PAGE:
A 49-year-old Palm Desert woman pleaded not guilty today to charges she took thousands of dollars from dozens of business owners for table-top advertising and then never delivered.
Theresa Marie Darrah, who most recently went by the name Reese Stacey, faces 18 counts of grand theft, 18 counts of second-degree burglary, five counts of first-degree burglary, and one misdemeanor charge each of petty theft and possessing a fake identification for the purpose of committing forgery.
She remained in custody Friday on $1 million bail at the Riverside County jail in Indio.
The allegations date back to at least 2011, when prosecutors say Darrah, doing business as DMT Sales, told business owners across the Coachella Valley that she would put their ads on tabletops at popular local restaurants, like Beer Hunter and Mario’s.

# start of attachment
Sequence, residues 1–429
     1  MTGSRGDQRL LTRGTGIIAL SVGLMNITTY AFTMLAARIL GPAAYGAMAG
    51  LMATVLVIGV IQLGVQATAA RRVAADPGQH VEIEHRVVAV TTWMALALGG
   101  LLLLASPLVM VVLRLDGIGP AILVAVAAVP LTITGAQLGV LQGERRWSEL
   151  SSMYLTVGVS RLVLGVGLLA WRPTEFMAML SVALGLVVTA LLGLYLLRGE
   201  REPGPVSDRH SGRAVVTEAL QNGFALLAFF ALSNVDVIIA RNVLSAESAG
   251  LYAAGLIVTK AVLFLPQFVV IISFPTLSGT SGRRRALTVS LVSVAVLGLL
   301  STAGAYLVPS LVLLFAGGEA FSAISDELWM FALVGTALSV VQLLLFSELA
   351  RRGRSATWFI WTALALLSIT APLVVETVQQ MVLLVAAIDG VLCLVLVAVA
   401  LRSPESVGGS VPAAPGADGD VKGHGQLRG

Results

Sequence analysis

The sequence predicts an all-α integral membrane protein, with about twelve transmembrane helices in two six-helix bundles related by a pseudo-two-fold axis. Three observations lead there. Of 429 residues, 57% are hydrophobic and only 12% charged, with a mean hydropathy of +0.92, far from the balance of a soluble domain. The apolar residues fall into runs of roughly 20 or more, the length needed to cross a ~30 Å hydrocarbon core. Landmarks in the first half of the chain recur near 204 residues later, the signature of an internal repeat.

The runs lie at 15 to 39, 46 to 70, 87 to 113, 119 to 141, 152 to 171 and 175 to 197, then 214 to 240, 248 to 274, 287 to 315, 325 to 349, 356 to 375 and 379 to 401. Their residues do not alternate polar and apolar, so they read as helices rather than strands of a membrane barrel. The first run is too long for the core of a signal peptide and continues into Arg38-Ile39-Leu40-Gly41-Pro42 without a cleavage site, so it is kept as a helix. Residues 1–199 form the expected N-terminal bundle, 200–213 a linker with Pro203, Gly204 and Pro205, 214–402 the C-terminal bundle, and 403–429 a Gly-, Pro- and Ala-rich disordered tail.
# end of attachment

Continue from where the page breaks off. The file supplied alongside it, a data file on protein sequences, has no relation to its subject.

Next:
In many cases, Darrah would accept post-dated checks from business owners who couldn’t afford the full cost up front, then immediately cash the checks, investigators alleged in court records.
The victims, which number nearly 40, claim they never received the advertising they were promised.
In fact, investigators said, interviews found that Darrah had not worked with Beer Hunter and Mario’s in many years, but that she continued to use their names to induce new clients to buy advertising.
Most recently Darrah sold advertising in a local publication called Desert Cities Modern Woman.
During a hearing today at the Indio Lawrence Justice Center, Darrah, dressed in a baby blue jail-issued jumpsuit, was assigned a lawyer from the Riverside County Public Defender’s office but told the court she hoped to retain a private attorney at some point in the future.
Judge Victoria Cameron refused to reduce her bail, citing the mutiple felony counts and numerous victims.
Darrah is scheduled to appear in court again Jan. 21, when her deputy public defender said he plans to again seek a lower bond during a formal bail hearing.
Prosecutor Homan Hosseinioun told the court that even if Darrah wins the bail hearing, prosecutors will want to carefully examine the source of the funds.
”We don’t want her using feloniously obtained money to pay her bail,” he said.